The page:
An economic form of domination : the apparatus of calculation and the labour process in the Queensland coal industry

Turner, Kathy (1994). An economic form of domination : the apparatus of calculation and the labour process in the Queensland coal industry PhD Thesis, School of Social Science, The University of Queensland.

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Author Turner, Kathy
Thesis Title An economic form of domination : the apparatus of calculation and the labour process in the Queensland coal industry
School, Centre or Institute School of Social Science
Institution The University of Queensland
Publication date 1994
Thesis type PhD Thesis
Open Access Status File (Publisher version)
Supervisor Michael Emmison
Total pages 296
Language eng
Subjects 140211 Labour Economics
140205 Environment and Resource Economics
Formatted abstract
Capital dominates labour through the social relations which constitute the possibilities for both the labourer in production and the wage labourer in exchange. Domination in capitalism is achieved through both subordination and freedom. It is an economic form of domination consisting of an articulation between the labour process and, what I have called, the apparatus of calculation. Within it the human attributes of will, knowledge and need take on their historically specific forms.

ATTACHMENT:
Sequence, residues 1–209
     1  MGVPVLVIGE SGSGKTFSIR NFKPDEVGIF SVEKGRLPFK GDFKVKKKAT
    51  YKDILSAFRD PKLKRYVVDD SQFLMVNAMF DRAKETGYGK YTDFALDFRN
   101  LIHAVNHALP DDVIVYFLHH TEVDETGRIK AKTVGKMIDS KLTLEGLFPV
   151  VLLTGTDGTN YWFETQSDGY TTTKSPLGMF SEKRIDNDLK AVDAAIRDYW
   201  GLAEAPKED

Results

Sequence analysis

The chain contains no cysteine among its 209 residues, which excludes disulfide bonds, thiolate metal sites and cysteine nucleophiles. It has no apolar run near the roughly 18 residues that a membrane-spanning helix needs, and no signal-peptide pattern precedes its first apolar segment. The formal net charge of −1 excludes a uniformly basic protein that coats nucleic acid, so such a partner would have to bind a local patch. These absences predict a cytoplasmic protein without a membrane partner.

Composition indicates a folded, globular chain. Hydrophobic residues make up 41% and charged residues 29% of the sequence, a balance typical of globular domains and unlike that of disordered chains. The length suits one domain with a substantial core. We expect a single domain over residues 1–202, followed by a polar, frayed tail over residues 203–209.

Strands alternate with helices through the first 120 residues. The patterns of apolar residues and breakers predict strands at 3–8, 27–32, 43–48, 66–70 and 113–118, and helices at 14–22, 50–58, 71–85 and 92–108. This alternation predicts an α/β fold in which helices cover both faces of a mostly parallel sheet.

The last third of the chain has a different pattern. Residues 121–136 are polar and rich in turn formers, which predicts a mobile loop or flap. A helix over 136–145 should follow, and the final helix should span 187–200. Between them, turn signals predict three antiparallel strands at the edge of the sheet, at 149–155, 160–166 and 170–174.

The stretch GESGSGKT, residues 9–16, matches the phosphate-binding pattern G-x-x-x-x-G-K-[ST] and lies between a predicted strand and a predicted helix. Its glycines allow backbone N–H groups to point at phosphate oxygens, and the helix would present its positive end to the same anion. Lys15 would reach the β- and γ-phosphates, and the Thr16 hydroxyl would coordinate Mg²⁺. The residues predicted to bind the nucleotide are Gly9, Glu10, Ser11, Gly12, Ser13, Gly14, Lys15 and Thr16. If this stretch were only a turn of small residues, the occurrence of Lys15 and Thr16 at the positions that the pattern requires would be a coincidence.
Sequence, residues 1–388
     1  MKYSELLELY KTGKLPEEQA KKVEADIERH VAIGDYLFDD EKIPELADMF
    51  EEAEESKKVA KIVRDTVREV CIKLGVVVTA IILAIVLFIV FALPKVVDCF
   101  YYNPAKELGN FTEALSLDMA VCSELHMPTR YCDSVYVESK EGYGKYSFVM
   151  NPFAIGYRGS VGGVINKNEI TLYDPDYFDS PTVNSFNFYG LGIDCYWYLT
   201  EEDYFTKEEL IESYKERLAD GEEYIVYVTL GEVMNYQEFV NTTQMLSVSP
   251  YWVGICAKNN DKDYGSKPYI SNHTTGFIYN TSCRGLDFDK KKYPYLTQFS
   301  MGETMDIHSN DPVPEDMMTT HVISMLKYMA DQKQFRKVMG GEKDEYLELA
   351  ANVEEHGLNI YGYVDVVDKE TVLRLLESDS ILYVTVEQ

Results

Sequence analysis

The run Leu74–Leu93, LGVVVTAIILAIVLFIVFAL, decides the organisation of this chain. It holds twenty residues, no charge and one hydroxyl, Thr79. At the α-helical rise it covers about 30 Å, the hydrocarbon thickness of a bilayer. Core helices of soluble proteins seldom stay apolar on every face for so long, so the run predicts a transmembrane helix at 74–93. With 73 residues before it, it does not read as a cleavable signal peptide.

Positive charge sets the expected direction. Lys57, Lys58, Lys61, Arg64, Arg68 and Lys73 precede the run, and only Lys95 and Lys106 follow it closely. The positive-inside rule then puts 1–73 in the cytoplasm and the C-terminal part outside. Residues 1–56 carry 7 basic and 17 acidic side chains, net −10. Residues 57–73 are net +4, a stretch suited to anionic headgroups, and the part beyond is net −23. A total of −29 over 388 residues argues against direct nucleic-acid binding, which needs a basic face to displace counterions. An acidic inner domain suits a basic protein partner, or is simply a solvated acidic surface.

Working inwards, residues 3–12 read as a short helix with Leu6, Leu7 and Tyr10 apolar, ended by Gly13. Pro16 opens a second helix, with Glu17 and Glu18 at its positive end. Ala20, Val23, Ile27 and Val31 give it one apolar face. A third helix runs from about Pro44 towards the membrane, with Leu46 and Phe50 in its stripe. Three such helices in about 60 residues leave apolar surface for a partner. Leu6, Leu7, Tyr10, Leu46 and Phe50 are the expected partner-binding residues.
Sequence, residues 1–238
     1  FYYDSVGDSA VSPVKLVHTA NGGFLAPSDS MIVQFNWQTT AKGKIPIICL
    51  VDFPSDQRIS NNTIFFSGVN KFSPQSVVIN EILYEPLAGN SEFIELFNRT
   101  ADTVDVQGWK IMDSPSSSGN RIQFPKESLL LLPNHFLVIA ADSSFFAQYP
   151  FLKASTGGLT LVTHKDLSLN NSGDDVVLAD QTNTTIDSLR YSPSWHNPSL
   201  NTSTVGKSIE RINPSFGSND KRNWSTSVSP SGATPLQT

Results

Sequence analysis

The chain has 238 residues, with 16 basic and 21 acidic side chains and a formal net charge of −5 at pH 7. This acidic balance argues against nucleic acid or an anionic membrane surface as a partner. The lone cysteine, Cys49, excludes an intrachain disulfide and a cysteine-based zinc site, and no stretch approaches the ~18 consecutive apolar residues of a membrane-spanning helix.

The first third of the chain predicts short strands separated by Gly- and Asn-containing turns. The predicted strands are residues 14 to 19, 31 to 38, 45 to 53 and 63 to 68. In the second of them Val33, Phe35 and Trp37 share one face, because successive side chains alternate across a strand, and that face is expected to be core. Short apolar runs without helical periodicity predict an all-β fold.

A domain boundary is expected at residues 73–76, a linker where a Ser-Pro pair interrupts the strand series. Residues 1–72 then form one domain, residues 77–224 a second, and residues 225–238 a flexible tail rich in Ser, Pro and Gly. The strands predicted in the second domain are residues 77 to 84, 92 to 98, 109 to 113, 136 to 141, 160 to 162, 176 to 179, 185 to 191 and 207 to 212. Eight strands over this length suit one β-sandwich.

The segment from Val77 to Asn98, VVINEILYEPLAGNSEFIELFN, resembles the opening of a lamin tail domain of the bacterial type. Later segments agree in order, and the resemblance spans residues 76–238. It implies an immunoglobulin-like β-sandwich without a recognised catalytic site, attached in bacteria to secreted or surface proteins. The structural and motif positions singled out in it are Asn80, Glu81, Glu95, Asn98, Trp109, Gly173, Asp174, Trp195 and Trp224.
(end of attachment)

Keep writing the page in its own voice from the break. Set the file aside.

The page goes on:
The coal industry in Queensland (Australia) is examined to draw out the transformations within the economic form of domination. Up until the Second World War a despotic form of domination existed as the qualities necessary for work were housed in the worker himself, and so personal relations of power ensured production. Within the labour process, knowledge and will were under the dominion of the miner, although they operated within an exploitative logic. Need was also attached to him. A precise accounting of the relation of need to the wage within the apparatus of calculation, meant that a labouring population was kept at hand, despite the poverty of the workers and their families.

In the middle of the century both the apparatus of calculation and the labour process were transformed. Needs disappeared from bargaining. The calculus surrounding the wage was reworked around the "neutral" requirements of the economy and the fine gradations of wage labour. With the advent of mechanisation the labour process was also changed. Real subsumption of labour occurred when the attributes of will and knowledge became visibly aspects of capital in their new forms contained in technology, management and the organisation of work. Need also took on a different shape at the same time. It became available to capital through the discourses of "human relations" and safety which centred on the psychological needs of workers for recognition and security. The real subsumption of labour was deepened.

The changes in both the apparatus of calculation and the labour process produced a hegemonic form of domination. Personal relations of power were replaced with a disciplinary form of power in both of its aspects. Rather than being articulated around the body of the labourer it was hinged on the "soul", and a more economically useful and politically docile worker was produced.
Keyword Labor movement -- Queensland -- History
Wages -- Coal miners -- Queensland -- History
Coal mines and mining -- Queensland -- History
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